During the show there was some comments about the lack of sexual diversity,  and I wanted to say, yes most were straight but there were a few gay couples too. The cameras missed a lot on that day but thats TV for you. There was also a diverse age range from quite young right up to much older than myself. Culturally it was quite diverse also, the BBC certainly did a good job and its important to once again say what you saw on screen wasn’t just it.

As a whole it was good and enjoyable, BBC Horizon did a good job touching on aspects of online dating problems and joys. Even down to Xander’s text exchange at the end of the programme. The whole worrying about what to say how long it takes for someone to come back to you is a real drama in modern dating. Although I do feel for the woman who went on the date with Xander because shes going to get a lot of angry women looking for her now…

Massive thanks to, Rachel Clarke I may have missed this great opportunity if she didn’t tweet me ages ago.

BBC Horizon explores how to find love online

dating-against-humanity-46-638

Its weird how things all seem to happen at once… First my TEDxManchester talk, then a chance enounter on BBC News 24 Live stream with LJ Rich, then me and Kate’s listening project recording is edited for Radio4. Now the BBC Horizon documentary about finding love online.

They were nice enough to tell us this afternoon via email, but I wasn’t sure I could blog it (nothing on their programme page or facebook page either) till I found it in the Radiotimes.

Update – The programme information page is up.

The internet has transformed every part of our lives and is now changing arguably the most important – our love lives. Internet dating is a cultural phenomenon and is now the second most common way that couples meet. But what is the best way to make the online search for love successful? What are the ‘matchmaking’ algorithms that the big companies use? Do they really deliver the goods, is it really clever marketing and actually a giant con – is there really any science?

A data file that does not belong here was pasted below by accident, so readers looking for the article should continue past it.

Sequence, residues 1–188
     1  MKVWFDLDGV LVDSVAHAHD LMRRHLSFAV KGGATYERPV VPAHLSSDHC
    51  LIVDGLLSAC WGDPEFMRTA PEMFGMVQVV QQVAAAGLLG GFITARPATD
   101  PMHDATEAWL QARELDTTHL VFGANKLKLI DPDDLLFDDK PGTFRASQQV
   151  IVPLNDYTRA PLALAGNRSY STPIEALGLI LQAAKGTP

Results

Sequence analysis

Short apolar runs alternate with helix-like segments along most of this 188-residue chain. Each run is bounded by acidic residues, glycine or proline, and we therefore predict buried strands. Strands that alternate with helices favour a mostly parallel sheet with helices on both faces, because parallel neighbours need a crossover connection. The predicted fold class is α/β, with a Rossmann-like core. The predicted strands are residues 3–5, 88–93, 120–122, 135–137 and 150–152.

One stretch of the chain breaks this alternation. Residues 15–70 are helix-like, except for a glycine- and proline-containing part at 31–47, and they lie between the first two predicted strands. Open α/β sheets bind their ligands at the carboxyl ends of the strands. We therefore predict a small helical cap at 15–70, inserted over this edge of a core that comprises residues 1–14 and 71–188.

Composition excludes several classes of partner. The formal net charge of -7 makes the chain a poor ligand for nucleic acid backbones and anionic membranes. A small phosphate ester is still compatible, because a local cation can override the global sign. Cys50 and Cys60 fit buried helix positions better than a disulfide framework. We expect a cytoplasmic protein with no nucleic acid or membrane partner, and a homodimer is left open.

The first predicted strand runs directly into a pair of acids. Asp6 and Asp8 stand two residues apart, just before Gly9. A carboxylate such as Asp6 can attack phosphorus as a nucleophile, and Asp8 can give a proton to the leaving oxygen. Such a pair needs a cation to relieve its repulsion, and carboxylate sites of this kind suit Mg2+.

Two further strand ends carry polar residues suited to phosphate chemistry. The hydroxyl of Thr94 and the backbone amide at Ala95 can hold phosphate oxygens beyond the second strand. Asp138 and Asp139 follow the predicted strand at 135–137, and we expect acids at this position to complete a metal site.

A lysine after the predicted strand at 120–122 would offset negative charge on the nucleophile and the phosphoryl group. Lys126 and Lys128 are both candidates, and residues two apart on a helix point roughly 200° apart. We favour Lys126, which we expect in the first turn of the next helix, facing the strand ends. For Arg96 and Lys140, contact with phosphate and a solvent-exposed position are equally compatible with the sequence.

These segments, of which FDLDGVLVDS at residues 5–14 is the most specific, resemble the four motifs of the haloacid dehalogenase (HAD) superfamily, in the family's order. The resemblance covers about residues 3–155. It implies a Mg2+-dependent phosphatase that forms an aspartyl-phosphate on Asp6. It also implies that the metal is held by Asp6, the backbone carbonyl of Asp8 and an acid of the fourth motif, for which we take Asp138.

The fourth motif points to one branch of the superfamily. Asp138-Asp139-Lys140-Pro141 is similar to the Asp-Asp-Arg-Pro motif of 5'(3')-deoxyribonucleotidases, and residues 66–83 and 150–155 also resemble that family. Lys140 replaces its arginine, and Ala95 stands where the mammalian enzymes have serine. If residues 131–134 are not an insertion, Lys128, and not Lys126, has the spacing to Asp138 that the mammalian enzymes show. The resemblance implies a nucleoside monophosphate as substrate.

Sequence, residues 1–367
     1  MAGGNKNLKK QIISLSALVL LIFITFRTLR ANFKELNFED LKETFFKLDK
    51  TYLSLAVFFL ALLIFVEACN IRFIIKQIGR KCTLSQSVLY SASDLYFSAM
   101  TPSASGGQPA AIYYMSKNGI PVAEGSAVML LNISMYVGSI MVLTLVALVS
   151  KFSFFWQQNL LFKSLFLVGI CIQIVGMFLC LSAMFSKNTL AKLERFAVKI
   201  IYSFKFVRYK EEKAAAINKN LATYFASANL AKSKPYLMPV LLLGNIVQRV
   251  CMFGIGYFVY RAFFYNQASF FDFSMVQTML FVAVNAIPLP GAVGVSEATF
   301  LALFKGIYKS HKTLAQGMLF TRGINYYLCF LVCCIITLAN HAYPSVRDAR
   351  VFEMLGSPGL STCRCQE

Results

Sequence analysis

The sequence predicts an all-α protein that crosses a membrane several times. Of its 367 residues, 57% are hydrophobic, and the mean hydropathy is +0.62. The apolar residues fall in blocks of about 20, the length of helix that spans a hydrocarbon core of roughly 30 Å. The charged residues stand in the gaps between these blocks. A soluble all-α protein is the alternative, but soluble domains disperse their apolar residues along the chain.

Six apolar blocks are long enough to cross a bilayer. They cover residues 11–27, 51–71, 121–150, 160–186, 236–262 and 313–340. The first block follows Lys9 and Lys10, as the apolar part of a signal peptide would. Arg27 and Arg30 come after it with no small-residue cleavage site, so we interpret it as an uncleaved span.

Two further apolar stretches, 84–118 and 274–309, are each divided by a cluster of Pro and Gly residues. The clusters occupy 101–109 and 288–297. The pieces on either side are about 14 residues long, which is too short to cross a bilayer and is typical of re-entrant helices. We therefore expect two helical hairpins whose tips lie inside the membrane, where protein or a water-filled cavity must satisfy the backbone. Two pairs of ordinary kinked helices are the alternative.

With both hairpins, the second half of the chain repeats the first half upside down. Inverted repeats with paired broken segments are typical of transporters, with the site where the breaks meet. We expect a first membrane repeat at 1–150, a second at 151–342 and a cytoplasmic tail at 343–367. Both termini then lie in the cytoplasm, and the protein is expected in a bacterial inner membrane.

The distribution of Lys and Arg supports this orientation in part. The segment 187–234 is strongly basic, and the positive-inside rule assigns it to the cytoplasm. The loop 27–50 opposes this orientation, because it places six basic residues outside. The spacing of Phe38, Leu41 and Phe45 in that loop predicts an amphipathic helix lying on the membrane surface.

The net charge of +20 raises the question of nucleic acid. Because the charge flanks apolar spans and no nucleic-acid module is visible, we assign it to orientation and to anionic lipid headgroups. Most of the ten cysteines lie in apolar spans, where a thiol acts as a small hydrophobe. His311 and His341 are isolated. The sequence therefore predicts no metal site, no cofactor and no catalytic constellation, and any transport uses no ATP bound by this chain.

Funny enough Mr30notsoflirty and Maren I met through the show filming (as you will find out soon, in a post I wrote straight after the filming). We were talking about the trailer on twitter, and Mr30 said he spotted, Mr30 and some other people. I watched a couple times and spotted myself! Scary stuff!

BBC Horizon dating experiment

So look out on Monday 25th April at 9pm – 10pm on BBC Two. It will be fancinating to see how its all crafted into a hour show and how much success they have in the matches compared to the Birthday paradox.

Hannah Fry the pressure is on…!

Our listening project conversation on BBC Radio 4

The BBC Radio 4 Listening project

Its weird, I seem to be popping up in a few places in the coming months.

Seems there is a very good chance I’ll be in BBC horizon’s how to find love online, then theres my TedXManchester talk, first dates if I ever hear anything back from them.  But of course there’s the listening project which Kate was kind enough to join me on.

Today I learned, myself and Kate’s conversation for the listening project will be on BBC Radio 4 in the next month.